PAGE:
MINNEAPOLIS - The voices in a new ad proclaiming, "I am not alone. I am worthy of respect," are local girls who are getting help after falling victim to sex trafficking.

"Yes, it is a really bad problem," says Beth Holger-Ambrose, executive director of the Link, a nonprofit that helps homeless youth and victims of sex trafficking.

"What our group is doing is really trying to beef up our street outreach and emergency shelter beds and drop-in center hours during the 10 days of the Super Bowl," she said.

Holger-Ambrose is part of the Super Bowl Host Committee's anti-sex trafficking subcommittee.

They're also aiming to raise awareness of the problem.

"The Link serves between 80 and 95 minor victims of sex trafficking a year," Holger-Ambrose said.

That's 80 to 95 children under 18 who are bought and sold for sex in the Twin Cities each year.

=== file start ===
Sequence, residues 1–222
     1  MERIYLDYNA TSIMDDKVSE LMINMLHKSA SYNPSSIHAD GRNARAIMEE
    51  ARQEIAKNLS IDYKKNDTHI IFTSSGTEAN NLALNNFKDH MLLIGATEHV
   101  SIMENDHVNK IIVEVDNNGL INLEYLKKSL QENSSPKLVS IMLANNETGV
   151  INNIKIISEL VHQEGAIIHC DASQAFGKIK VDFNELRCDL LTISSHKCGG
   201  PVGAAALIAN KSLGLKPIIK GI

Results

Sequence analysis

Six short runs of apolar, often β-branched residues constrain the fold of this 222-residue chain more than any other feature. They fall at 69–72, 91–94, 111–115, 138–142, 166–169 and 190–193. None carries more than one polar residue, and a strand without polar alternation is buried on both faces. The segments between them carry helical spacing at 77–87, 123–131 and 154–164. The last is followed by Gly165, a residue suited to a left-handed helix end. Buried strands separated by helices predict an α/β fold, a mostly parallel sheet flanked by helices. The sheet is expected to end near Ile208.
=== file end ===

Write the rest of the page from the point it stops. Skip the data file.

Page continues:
Yet, KARE 11 recently verified that claims that sex trafficking is rampant during the Super Bowl are overstated.

Even so, local agencies are putting $2.5 million into enforcement and public service campaigns like these because of the attention the Super Bowl brings.

"It's a great way to raise awareness and reach an audience that no nonprofit or law enforcement agency or anything like that normally has access to," Holger-Ambrose said.

So the Link just released an ad aimed at reaching victims, while Duluth-based "Men as Peacemakers" just started running two more ads aimed at making men think twice about paying for sex.